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helping you turn your skill into a flourishing business.

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Join us for an episode,

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packed full of invaluable guidance,

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resources, and the support you need to grow.

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Your gift biz.

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Here is your host gift biz gal Sue moon Heights.

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Hi there.

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It's Sue and thank you so much for joining me today.

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Before we get into the show,

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I have a quick message for you as a handmade product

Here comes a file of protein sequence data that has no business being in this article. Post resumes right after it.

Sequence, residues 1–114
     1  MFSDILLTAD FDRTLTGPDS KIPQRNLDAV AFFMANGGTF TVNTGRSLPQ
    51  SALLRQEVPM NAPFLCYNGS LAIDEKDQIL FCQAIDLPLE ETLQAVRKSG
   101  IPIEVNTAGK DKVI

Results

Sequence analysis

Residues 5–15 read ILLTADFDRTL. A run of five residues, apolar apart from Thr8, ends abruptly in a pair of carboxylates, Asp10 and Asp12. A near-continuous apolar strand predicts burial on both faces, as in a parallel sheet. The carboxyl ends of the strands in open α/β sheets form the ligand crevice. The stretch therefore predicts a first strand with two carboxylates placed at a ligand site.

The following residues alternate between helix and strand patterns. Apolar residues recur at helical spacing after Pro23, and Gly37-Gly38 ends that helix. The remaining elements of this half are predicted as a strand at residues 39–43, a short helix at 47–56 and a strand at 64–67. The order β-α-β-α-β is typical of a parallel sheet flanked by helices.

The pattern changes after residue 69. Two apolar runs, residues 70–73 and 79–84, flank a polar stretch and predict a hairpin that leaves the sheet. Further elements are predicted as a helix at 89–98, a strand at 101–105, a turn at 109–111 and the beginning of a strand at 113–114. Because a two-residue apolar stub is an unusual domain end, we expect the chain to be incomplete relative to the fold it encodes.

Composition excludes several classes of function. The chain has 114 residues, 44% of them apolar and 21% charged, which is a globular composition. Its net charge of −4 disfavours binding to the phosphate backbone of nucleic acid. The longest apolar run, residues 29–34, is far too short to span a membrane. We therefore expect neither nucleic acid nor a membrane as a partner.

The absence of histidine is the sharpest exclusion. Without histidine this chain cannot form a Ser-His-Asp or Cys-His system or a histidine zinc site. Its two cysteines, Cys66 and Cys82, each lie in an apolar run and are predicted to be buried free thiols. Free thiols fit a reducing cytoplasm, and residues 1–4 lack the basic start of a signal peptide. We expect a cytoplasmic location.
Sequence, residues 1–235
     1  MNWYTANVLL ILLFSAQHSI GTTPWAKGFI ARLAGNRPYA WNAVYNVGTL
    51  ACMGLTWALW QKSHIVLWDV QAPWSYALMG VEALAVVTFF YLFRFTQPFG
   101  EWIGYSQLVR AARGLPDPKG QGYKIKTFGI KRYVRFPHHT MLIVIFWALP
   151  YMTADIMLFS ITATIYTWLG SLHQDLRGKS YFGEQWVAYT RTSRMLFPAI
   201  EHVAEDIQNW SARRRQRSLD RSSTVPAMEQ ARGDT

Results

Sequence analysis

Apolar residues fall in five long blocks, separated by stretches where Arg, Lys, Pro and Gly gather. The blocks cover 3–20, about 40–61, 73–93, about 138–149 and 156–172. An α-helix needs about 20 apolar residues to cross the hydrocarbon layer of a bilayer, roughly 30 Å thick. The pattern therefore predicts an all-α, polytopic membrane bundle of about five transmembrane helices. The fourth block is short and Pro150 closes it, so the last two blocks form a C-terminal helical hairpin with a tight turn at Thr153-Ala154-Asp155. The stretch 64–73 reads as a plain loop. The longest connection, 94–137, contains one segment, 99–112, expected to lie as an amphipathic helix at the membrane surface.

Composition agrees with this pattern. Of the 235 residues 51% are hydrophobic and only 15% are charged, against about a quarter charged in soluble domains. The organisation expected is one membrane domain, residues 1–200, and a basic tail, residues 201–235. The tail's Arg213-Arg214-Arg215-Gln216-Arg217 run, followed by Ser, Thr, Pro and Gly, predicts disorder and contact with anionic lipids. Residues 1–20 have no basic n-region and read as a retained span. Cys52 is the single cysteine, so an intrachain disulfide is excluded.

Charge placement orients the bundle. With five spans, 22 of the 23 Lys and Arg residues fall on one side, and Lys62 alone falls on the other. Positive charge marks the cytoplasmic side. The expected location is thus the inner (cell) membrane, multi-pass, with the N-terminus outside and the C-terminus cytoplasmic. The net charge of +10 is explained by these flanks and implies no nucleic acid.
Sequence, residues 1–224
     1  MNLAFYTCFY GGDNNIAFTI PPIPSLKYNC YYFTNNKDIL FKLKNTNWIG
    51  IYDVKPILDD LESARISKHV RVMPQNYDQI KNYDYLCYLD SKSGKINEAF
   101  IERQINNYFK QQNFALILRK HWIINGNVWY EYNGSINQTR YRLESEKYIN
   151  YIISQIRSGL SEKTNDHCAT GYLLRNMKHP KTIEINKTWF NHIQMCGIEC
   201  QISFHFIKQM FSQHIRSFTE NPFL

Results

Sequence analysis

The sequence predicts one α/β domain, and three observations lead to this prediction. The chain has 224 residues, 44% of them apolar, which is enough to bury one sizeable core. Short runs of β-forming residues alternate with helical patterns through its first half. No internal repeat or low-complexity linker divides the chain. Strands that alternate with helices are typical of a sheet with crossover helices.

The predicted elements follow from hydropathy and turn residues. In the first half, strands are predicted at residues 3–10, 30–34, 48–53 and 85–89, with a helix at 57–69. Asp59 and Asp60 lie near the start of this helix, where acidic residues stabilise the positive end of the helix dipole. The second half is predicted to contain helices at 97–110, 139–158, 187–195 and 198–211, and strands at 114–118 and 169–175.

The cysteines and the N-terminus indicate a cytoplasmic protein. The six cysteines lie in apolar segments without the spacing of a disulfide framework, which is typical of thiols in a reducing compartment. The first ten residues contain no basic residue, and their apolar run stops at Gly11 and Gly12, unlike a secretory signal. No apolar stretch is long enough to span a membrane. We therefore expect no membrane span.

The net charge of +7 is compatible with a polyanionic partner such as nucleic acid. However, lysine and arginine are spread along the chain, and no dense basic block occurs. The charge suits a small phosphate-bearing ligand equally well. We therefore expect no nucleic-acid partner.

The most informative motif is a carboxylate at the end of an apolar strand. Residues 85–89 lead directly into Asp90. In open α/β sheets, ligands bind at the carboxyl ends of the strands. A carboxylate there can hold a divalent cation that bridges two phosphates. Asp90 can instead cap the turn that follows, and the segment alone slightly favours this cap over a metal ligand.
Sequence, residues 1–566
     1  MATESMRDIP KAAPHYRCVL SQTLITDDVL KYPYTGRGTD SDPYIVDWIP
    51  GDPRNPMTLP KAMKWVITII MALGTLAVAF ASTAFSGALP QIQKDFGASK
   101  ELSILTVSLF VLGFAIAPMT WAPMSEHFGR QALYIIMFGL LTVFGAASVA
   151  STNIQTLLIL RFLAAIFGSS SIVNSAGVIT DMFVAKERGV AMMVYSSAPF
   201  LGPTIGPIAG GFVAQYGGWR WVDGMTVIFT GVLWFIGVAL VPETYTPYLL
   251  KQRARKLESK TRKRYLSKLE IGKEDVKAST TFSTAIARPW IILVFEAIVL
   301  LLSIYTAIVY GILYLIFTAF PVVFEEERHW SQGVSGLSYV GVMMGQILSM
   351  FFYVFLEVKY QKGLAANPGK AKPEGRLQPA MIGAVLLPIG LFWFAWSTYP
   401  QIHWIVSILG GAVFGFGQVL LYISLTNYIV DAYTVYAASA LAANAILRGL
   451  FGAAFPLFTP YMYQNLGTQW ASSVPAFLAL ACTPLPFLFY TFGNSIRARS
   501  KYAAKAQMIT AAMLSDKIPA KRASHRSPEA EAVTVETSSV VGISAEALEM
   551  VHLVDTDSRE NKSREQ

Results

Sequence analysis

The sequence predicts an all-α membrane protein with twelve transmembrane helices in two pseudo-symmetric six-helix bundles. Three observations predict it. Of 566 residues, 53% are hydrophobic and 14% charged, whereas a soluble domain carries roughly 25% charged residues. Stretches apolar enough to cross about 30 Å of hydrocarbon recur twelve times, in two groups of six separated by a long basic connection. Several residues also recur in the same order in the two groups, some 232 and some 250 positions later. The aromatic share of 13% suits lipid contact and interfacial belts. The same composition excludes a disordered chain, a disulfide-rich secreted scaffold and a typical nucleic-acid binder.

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maker, you make the most beautiful,

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delicious, and life enhancing products.

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I'm honestly so impressed with your talent and you always put

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a smile on my face.

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When I see your newest creations,

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I'm always watching and I'm also always listening.

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Let me back up here for a second.

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In our Facebook group,